## GMAT Quantitative Review

## 3.0 Math Review

Although this chapter provides a review of some of the mathematical concepts of arithmetic, algebra, and geometry, it is not intended to be a textbook. You should use this chapter to familiarize yourself with the kinds of topics that may be tested in the GMAT® exam. You may wish to consult an arithmetic, algebra, or geometry book for a more detailed discussion of some of the topics.

Section 3.1, “Arithmetic,” includes the following topics:

1. Properties of Integers

2. Fractions

3. Decimals

4. Real Numbers

5. Ratio and Proportion

6. Percents

7. Powers and Roots of Numbers

8. Descriptive Statistics

9. Sets

10.Counting Methods

11.Discrete Probability

Section 3.2, “Algebra,” does not extend beyond what is usually covered in a first-year high school algebra course. The topics included are as follows:

1. Simplifying Algebraic Expressions

2. Equations

3. Solving Linear Equations with One Unknown

4. Solving Two Linear Equations with Two Unknowns

5. Solving Equations by Factoring

6. Solving Quadratic Equations

7. Exponents

8. Inequalities

9. Absolute Value

10.Functions

Section 3.3, “Geometry,” is limited primarily to measurement and intuitive geometry or spatial visualization. Extensive knowledge of theorems and the ability to construct proofs, skills that are usually developed in a formal geometry course, are not tested. The topics included in this section are the following:

1. Lines

2. Intersecting Lines and Angles

3. Perpendicular Lines

4. Parallel Lines

5. Polygons (Convex)

6. Triangles

7. Quadrilaterals

8. Circles

9. Rectangular Solids and Cylinders

10.Coordinate Geometry

Section 3.4, “Word Problems,” presents examples of and solutions to the following types of word problems:

1. Rate Problems

2. Work Problems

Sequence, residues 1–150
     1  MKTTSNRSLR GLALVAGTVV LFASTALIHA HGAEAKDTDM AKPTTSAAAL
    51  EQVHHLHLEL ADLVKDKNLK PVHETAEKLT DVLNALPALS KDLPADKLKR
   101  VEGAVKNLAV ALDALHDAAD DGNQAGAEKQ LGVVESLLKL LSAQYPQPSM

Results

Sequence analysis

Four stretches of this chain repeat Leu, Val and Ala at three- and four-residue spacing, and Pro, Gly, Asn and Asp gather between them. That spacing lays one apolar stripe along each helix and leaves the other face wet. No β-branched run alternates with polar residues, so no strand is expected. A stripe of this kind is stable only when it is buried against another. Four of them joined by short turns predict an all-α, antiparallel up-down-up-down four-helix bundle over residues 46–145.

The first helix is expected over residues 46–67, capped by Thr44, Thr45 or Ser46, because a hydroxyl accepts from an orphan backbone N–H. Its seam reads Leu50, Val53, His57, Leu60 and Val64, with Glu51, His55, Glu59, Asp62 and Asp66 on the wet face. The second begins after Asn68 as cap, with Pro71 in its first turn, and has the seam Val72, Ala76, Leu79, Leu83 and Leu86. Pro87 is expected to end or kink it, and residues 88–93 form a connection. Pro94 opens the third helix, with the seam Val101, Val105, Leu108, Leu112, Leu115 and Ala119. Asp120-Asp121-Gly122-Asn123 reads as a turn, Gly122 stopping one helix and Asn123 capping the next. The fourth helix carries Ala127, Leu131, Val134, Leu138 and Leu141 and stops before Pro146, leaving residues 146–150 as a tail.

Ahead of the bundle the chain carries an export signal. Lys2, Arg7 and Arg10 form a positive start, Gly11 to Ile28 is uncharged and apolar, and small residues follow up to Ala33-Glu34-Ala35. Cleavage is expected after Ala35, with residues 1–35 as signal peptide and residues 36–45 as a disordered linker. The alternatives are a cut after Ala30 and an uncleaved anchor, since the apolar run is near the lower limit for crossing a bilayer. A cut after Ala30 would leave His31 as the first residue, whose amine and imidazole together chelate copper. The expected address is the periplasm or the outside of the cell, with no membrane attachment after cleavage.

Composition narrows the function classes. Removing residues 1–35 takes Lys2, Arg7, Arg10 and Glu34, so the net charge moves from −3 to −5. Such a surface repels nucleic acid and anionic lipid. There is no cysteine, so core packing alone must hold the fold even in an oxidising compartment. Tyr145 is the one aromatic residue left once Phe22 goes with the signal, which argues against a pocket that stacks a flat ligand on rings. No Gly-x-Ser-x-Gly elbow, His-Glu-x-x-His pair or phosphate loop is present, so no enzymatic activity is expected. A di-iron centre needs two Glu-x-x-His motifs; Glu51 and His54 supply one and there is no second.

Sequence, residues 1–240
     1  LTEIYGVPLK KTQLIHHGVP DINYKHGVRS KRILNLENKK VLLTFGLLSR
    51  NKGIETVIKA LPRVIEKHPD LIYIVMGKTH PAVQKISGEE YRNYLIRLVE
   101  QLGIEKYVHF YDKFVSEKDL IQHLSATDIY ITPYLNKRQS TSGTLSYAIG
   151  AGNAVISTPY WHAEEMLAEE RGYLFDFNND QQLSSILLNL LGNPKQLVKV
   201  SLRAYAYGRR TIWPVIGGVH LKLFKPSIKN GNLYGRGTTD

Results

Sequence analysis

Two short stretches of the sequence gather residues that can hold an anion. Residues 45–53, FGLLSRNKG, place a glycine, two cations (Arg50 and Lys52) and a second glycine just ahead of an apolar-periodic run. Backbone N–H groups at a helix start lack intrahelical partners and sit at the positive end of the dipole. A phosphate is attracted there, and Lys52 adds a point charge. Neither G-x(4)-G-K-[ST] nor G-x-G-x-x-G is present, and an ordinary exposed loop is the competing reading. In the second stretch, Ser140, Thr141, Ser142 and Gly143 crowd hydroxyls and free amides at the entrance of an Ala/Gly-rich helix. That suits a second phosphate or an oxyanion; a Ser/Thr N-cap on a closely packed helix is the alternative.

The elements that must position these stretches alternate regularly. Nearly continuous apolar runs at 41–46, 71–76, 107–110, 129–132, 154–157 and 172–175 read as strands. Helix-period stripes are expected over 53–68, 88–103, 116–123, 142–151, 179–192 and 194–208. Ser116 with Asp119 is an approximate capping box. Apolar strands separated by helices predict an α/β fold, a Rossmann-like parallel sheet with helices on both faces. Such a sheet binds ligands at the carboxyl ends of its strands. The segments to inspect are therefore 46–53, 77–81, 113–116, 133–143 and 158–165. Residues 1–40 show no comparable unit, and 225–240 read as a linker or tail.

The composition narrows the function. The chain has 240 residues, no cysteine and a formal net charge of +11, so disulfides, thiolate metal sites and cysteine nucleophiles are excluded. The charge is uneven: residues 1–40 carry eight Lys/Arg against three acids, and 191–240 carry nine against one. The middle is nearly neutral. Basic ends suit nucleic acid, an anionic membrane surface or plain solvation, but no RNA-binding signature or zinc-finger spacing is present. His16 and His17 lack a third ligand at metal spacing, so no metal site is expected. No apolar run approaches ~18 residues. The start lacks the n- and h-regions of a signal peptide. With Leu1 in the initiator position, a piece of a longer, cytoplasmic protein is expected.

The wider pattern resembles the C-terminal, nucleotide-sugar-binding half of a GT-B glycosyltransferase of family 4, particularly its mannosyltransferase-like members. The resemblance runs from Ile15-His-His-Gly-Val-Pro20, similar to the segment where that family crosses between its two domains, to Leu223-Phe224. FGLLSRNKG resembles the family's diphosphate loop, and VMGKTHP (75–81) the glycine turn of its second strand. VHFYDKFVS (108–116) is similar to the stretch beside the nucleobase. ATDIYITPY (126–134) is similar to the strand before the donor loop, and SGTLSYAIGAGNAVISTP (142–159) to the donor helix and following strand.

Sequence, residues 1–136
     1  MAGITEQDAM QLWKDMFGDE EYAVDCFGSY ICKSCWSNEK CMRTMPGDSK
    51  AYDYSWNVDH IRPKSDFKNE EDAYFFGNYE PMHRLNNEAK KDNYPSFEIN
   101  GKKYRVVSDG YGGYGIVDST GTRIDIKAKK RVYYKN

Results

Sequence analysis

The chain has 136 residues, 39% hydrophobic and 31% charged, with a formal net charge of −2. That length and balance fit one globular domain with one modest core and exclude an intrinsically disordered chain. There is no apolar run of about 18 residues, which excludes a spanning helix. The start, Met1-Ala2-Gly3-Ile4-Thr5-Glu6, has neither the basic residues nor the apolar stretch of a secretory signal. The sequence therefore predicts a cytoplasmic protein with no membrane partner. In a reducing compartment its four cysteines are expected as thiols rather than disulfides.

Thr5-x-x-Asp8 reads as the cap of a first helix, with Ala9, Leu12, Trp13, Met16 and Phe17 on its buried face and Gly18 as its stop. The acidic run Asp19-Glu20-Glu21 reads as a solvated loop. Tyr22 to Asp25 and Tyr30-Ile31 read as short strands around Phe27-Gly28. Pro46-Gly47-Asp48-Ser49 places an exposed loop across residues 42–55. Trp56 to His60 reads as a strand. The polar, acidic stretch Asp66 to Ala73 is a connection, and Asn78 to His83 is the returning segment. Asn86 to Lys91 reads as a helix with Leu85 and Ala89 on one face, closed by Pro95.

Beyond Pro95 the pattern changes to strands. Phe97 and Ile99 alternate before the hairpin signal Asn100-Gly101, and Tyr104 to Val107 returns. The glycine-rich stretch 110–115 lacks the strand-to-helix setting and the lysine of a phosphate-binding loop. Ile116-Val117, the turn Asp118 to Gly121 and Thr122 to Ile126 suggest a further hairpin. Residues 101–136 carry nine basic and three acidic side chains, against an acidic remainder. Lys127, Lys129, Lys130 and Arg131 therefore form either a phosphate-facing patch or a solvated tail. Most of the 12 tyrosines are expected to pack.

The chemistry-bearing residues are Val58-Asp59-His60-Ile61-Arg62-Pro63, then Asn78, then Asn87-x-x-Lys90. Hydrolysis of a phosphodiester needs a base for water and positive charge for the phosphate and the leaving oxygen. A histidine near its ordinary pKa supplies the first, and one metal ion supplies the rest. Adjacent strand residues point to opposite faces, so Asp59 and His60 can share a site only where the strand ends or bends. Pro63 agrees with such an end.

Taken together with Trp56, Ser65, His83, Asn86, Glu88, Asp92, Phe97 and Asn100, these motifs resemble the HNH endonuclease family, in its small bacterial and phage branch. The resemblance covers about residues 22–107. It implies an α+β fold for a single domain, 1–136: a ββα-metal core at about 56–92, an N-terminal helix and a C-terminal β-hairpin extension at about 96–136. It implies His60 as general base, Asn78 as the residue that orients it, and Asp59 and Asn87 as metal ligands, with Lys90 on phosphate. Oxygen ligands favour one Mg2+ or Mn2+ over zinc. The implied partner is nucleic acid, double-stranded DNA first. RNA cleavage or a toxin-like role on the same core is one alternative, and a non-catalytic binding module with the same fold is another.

3. Mixture Problems

4. Interest Problems

5. Discount

6. Profit

7. Sets

8. Geometry Problems

9. Measurement Problems

10.Data Interpretation

### 3.1 Arithmetic

### 1. Properties of Integers

An *integer* is any number in the set {. . . −3, −2, −1, 0, 1, 2, 3, . . .}. If *x* and *y* are integers and , then *x* is a *divisor* (*factor*) of *y* provided that for some integer *n*. In this case, *y* is also said to be *divisible* by *x* or to be a *multiple* of *x*. For example, 7 is a divisor or factor of 28 since , but 8 is not a divisor of 28 since there is no integer *n* such that 28 = 8*n*.

If *x* and *y* are positive integers, there exist unique integers *q* and *r*, called the *quotient* and *remainder*, respectively, such that and . For example, when 28 is divided by 8, the quotient is 3 and the remainder is 4 since . Note that *y* is divisible by *x* if and only if the remainder *r* is 0; for example, 32 has a remainder of 0 when divided by 8 because 32 is divisible by 8. Also, note that when a smaller integer is divided by a larger integer, the quotient is 0 and the remainder is the smaller integer. For example, 5 divided by 7 has the quotient 0 and the remainder 5 since .

Any integer that is divisible by 2 is an *even integer*; the set of even integers is {. . . −4, −2, 0, 2, 4, 6, 8, . . .}. Integers that are not divisible by 2 are *odd integers*; {. . . −3, −1, 1, 3, 5, . . .} is the set of odd integers.

If at least one factor of a product of integers is even, then the product is even; otherwise the product is odd. If two integers are both even or both odd, then their sum and their difference are even. Otherwise, their sum and their difference are odd.

A *prime* number is a positive integer that has exactly two different positive divisors, 1 and itself. For example, 2, 3, 5, 7, 11, and 13 are prime numbers, but 15 is not, since 15 has four different positive divisors, 1, 3, 5, and 15. The number 1 is not a prime number since it has only one positive divisor. Every integer greater than 1 either is prime or can be uniquely expressed as a product of prime factors. For example, , , and .

The numbers −2, −1, 0, 1, 2, 3, 4, 5 are *consecutive integers*. Consecutive integers can be represented by *n, n + 1, n + 2, n + 3*, . . . , where *n* is an integer. The numbers 0, 2, 4, 6, 8 are *consecutive even integers*, and 1, 3, 5, 7, 9 are *consecutive odd integers*. Consecutive even integers can be represented by 2*n*, , , . . . , and consecutive odd integers can be represented by , , , . . . , where *n* is an integer.

*Properties of the integer 1*. If *n* is any number, then , and for any number , .

The number 1 can be expressed in many ways; for example, for any number .

Multiplying or dividing an expression by 1, in any form, does not change the value of that expression.

*Properties of the integer 0*. The integer 0 is neither positive nor negative. If *n* is any number, then and . Division by 0 is not defined.